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Int J Paediatr Dent. 2019 May 16. doi: 10.1111/ipd.12508. [Epub ahead of print]

Prevalence, aetiology, and treatment of molar incisor hypomineralization in children living in Izmir City (Turkey).

Author information

1
Mouth and Dental Health, Vocational Health High School, Dokuz Eylul University, Inciralti, Izmir, Turkey.
2
Medical Faculty, Children's Dental Clinic, Dokuz Eylul University, Inciralti, Izmir, Turkey.
3
Department of Biostatistics and Medical Informatics, Dokuz Eylul University Medical Faculty, Inciralti, Izmir, Turkey.

Abstract

BACKGROUND:

Molar incisor hypomineralization (MIH) is frequent in children and etiology is different.

AIM:

The aim of this study was to determine the prevalence, severity, and risk factors of MIH and to investigate the relationship between the severity of the defect in the teeth affected by MIH and the risk factors.

DESIGN:

The study included patients at the age range of 9 and 10 years, who were admitted to the clinic of paediatric dentistry in Dokuz Eylul University and had four-first molar teeth (FMT) and eight incisor teeth eruptions in the jaws. The presence of only demarcated opacities in one or several FMT and incisor teeth was defined as MIH1, and the presence of post-eruptive breakdown (PEB), atypical restorations, and extracted teeth was defined as MIH2.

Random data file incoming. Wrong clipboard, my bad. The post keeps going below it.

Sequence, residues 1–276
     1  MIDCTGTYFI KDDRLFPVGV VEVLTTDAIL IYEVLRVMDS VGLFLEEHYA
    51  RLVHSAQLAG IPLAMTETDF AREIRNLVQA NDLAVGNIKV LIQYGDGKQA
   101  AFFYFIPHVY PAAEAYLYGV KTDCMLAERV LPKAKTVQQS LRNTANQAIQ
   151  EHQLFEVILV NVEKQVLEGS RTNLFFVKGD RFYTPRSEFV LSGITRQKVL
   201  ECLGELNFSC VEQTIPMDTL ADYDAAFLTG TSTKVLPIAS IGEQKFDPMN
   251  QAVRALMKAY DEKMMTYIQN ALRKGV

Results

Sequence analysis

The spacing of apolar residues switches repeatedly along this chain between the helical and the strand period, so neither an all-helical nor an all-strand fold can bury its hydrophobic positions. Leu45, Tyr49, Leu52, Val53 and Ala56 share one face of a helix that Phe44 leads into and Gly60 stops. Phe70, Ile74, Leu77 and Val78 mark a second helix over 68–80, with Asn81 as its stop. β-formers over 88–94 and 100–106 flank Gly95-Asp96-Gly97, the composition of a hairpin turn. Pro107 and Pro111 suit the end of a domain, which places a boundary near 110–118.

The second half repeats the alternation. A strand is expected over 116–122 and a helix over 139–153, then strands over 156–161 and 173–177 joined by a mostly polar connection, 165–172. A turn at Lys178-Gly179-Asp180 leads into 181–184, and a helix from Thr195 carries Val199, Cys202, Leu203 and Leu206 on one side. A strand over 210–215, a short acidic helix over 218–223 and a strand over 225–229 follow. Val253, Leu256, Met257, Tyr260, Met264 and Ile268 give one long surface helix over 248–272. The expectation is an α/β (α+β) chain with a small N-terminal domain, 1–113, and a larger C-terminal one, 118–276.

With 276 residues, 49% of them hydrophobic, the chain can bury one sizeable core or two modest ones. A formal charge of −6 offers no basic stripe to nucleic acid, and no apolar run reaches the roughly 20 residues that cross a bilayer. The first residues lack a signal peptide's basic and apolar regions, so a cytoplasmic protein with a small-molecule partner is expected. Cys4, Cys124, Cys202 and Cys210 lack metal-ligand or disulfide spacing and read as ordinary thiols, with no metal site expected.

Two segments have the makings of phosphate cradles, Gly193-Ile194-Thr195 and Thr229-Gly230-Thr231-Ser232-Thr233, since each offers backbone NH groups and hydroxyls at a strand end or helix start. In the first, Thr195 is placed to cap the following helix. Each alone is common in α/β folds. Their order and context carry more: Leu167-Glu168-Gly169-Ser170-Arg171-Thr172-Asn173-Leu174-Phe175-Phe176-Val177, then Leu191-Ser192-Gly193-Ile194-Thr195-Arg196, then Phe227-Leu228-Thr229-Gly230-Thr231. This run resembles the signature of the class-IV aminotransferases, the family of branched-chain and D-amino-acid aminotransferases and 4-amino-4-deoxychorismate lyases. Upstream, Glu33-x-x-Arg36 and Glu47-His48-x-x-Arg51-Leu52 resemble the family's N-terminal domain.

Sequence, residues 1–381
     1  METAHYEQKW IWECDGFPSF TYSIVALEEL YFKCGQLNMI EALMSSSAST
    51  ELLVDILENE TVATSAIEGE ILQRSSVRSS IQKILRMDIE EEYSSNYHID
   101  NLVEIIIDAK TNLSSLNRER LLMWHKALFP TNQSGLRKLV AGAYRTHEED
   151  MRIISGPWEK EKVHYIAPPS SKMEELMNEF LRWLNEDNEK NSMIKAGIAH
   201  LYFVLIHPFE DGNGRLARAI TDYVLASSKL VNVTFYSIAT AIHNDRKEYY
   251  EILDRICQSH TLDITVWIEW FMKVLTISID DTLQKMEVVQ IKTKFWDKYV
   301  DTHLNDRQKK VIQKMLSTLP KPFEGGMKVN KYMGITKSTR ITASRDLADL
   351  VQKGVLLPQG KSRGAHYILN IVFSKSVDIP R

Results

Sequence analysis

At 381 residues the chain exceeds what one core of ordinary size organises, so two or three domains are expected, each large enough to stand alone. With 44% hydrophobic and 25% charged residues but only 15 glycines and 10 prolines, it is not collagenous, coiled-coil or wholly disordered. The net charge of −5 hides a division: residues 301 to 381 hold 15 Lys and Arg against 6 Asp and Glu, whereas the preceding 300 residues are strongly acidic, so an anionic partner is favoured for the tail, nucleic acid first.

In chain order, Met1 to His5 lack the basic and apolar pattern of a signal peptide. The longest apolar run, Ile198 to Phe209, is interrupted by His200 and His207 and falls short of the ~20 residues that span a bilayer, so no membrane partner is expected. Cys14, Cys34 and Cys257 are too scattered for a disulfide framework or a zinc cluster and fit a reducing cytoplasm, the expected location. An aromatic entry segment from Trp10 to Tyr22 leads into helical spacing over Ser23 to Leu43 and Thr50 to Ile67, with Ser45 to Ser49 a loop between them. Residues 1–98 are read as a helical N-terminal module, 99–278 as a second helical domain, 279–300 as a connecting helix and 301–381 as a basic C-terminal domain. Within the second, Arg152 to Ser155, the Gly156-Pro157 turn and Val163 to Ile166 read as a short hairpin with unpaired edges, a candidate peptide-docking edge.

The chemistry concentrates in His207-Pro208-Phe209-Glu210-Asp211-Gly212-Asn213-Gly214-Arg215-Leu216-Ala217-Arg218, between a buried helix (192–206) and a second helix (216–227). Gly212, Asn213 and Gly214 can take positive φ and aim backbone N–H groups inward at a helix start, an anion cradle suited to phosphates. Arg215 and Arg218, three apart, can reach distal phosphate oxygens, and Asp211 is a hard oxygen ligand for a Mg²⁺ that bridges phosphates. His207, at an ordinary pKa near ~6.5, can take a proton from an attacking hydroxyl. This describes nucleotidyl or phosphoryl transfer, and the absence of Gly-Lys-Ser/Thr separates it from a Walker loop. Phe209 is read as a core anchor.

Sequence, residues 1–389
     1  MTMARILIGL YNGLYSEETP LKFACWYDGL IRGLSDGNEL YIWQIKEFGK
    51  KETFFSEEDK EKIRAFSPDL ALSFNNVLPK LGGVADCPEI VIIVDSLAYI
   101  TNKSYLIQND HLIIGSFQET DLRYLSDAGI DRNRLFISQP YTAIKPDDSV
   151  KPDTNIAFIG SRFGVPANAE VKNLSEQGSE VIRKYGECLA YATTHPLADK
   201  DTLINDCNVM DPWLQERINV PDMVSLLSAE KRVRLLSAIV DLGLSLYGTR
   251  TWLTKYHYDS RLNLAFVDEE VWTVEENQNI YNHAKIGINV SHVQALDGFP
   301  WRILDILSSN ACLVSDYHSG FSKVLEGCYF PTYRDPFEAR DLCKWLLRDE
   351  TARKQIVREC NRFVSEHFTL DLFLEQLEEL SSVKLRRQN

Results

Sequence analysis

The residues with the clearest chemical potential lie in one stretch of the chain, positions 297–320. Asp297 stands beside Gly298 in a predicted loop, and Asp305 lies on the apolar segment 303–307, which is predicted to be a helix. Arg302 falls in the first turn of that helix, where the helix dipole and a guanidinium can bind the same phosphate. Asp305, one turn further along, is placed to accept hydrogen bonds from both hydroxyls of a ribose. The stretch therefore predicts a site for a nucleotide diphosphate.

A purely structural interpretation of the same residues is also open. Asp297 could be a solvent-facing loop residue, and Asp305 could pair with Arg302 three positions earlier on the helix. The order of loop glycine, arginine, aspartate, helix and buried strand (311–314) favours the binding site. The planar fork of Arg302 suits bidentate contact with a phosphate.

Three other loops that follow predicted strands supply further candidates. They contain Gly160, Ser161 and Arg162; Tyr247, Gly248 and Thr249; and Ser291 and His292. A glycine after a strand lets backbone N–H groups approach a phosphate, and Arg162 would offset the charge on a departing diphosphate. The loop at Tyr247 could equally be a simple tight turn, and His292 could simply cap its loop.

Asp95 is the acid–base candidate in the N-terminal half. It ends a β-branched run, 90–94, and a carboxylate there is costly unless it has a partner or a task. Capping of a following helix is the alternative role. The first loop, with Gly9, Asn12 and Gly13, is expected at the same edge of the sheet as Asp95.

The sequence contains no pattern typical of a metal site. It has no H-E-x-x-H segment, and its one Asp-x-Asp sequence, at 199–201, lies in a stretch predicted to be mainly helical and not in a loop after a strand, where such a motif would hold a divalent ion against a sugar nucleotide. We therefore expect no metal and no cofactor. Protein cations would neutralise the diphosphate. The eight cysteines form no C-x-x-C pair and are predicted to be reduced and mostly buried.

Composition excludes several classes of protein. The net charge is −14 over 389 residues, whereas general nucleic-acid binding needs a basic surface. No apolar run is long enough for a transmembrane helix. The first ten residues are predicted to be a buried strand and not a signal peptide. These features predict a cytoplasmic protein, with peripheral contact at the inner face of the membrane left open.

RESULTS:

MIH was detected in 142 (11.5%) of 1237 children. Although there was no statistically significant difference between upper and lower FPM and the occurrence of MIH (P < 0.902), there was a difference between upper and lower central and lateral teeth (P < 0.001; P < 0.009). A significant difference was detected between birth week, birthweight, high fever, and asthma/bronchitis and MIH1 and MIH2 (P < 0.001).

CONCLUSION:

The prevalence of MIH was found to be 11.5%. It was observed that the patients undergoing low birthweight, preterm delivery, high fever, and asthma/bronchitis were more severely affected by MIH.

KEYWORDS:

asthma; birth week; birthweight; high fever; molar incisor hypomineralization

PMID:
31099125
DOI:
10.1111/ipd.12508

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